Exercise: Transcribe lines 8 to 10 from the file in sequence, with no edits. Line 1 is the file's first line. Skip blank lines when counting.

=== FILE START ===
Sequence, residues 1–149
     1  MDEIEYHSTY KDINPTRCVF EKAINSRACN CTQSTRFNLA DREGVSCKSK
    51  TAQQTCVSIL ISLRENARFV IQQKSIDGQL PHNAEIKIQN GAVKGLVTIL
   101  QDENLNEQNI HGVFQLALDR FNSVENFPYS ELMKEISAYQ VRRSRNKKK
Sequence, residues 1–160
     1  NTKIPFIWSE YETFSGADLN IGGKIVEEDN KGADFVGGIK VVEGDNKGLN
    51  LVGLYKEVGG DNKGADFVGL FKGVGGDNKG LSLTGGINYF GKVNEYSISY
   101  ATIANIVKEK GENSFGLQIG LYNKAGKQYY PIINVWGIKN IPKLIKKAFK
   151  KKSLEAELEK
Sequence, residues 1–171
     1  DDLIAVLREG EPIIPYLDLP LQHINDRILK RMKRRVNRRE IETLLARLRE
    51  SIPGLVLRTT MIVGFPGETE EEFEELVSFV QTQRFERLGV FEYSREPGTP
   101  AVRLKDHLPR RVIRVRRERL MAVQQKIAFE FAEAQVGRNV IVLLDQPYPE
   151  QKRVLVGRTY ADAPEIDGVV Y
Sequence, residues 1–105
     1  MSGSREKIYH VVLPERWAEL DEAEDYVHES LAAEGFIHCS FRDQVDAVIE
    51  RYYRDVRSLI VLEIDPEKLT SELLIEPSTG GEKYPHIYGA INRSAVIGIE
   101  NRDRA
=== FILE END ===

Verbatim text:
   101  ATIANIVKEK GENSFGLQIG LYNKAGKQYY PIINVWGIKN IPKLIKKAFK
   151  KKSLEAELEK
Sequence, residues 1–171